“It is the position of the American Dietetic Association that appropriately planned vegetarian diets, including total vegetarian or vegan diets, are healthful, nutritionally adequate, and may provide health benefits in the prevention and treatment of certain diseases. Vegetarian diets are often associated with a number of health advantages, including lower blood cholesterol levels, lower risk of heart disease, lower blood pressure levels, and lower risk of hypertension and type 2 diabetes. Vegetarians tend to have a lower body mass index (BMI) and lower overall cancer rates. Vegetarian diets tend to be lower in saturated fat and cholesterol, and have higher levels of dietary fiber, magnesium and potassium, vitamins C and E, folate, carotenoids, flavonoids, and other phytochemicals. These nutritional differences may explain some of the health advantages of those following a varied, balanced vegetarian diet. Well-planned vegetarian diets are appropriate for individuals during all stages of the life cycle, including pregnancy, lactation, infancy, childhood, and adolescence, and for athletes. A vegetarian diet is defined as one that does not include meat (including fowl) or seafood, or products containing those foods.” J Am Diet Assoc. 2009;109:1266-1282.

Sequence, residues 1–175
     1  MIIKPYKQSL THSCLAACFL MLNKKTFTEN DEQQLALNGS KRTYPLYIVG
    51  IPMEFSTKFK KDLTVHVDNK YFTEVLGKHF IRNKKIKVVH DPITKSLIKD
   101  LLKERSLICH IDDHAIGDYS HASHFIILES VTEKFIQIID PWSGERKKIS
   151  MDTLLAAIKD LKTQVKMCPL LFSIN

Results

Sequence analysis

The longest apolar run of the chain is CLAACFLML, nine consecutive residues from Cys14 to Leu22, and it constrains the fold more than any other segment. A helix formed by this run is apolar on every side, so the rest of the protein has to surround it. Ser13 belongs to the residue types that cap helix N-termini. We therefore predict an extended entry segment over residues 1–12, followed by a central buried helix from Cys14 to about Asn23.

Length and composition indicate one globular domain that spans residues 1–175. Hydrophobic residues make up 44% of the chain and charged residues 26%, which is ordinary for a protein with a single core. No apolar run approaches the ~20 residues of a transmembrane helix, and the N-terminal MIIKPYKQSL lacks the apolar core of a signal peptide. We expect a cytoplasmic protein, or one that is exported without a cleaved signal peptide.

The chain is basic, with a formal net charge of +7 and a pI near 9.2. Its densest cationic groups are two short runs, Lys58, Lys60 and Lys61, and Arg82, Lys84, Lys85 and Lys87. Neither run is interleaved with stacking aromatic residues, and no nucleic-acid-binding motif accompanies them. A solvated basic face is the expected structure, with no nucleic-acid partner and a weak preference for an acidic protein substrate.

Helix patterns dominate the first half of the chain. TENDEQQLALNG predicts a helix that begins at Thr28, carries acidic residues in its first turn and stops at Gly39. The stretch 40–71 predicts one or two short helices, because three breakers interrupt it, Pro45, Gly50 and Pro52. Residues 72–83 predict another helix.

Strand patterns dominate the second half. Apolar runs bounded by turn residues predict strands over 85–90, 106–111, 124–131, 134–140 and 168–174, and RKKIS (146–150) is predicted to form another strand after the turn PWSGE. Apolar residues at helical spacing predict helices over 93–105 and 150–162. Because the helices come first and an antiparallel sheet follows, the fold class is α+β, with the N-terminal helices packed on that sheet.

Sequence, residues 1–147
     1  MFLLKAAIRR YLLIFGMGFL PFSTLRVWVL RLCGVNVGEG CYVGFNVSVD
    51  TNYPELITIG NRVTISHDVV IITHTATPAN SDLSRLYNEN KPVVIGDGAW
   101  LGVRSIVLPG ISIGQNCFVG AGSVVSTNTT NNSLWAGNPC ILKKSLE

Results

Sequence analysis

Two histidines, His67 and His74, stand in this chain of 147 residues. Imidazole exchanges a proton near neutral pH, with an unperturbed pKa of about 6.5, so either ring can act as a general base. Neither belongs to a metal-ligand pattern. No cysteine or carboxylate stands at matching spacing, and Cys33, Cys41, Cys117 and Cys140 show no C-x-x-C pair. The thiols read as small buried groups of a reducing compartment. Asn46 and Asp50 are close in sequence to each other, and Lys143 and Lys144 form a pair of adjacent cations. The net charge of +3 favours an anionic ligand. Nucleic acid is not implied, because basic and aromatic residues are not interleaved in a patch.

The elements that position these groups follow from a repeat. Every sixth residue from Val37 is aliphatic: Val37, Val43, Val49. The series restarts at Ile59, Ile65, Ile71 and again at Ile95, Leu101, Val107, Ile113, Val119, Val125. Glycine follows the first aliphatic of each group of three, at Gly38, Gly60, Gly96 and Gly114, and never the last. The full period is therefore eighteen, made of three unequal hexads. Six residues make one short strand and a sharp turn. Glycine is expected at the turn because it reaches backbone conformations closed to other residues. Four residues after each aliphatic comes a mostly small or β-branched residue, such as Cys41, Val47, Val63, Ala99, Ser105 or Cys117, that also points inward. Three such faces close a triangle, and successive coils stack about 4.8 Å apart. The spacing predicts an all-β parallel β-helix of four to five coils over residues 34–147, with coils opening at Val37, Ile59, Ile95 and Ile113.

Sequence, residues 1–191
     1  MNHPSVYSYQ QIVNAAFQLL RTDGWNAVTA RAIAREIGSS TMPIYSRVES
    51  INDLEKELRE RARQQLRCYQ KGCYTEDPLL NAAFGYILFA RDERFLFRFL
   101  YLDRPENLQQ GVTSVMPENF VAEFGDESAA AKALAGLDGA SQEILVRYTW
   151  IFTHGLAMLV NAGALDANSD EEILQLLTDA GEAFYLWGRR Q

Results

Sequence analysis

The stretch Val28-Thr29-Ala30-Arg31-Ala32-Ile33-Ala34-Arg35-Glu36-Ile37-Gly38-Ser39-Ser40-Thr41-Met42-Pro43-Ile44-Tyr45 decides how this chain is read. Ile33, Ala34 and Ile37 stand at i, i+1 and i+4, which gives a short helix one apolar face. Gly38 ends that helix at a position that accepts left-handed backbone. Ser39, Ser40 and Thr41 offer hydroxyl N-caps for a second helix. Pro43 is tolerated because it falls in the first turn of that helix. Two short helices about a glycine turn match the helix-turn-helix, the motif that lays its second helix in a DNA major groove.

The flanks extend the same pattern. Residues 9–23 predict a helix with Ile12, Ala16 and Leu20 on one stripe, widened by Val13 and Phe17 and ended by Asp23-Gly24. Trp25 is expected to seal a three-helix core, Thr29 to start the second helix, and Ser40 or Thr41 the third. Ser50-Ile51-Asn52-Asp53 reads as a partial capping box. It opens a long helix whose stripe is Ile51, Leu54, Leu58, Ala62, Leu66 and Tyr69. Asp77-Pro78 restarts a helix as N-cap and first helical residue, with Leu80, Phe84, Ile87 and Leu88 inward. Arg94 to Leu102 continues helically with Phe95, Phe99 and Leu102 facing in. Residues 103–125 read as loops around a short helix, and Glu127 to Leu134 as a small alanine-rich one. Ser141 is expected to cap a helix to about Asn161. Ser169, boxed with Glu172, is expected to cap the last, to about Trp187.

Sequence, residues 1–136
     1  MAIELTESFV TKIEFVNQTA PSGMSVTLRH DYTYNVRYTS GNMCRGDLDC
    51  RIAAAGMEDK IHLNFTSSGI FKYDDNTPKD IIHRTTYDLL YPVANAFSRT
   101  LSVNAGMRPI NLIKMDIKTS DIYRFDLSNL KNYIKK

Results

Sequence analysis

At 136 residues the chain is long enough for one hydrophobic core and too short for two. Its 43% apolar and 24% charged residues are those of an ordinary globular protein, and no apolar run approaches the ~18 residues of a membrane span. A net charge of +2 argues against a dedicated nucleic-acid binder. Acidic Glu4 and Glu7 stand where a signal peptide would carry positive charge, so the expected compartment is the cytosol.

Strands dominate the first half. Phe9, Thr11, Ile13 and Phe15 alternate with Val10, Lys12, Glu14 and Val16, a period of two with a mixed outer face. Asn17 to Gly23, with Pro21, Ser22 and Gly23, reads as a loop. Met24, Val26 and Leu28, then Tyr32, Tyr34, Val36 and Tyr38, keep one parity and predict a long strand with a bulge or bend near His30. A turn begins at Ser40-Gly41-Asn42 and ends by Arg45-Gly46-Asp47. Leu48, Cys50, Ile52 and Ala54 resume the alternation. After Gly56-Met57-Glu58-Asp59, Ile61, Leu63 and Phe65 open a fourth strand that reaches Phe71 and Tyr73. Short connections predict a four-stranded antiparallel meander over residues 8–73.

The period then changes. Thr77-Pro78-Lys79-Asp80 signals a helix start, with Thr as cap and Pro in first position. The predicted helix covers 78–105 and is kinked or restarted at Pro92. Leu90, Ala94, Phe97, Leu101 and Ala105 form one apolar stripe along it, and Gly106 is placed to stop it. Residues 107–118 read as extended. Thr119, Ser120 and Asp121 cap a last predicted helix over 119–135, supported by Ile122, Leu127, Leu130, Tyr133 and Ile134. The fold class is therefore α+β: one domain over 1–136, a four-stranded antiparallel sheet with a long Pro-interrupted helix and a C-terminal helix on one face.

Some of the many obvious questions and suggestions that arise for me following the reading of your comments are (with an honest attempt at subduing any sarcasm):

  1.  What educational institutions were you attending and what subjects were you studying to have information such as found in the above Position Statement overlooked?
  2.  It seems that before you would accuse a researcher such as me, as a “liar” and “spreading vegan myths”, and you make rash and blatantly false statements such as “no diseases are linked to meat or animal products” you should do some homework on the updated subject (although even in Plato’s era 2,000 to 3,000 years ago, it was known that eating only plant based foods was much healthier than the raising and killing of animals for their ‘Republic’).
  3.  Your comment to “eat red meat twice a week and other days eat lean chicken and fish. You’ll be fine. Been proven very healthy”, indicates to me that you and those with similar thoughts need to rethink how you are approaching your own eating habits let alone those of others, and make a solid attempt at enlightening yourselves to the origins of your food choices—and the ill effects on our planet, animals, and ourselves. This will obviously require a serious reconstructing of those factors that influence you and your decision-making—all those cultural or emotional hurdles that haven’t allowed you to see clearly or be open to what is in front of you (ie. reread the Oz blog now and try to view it more correctly as reality instead of propaganda and you will learn something valuable and meaningful).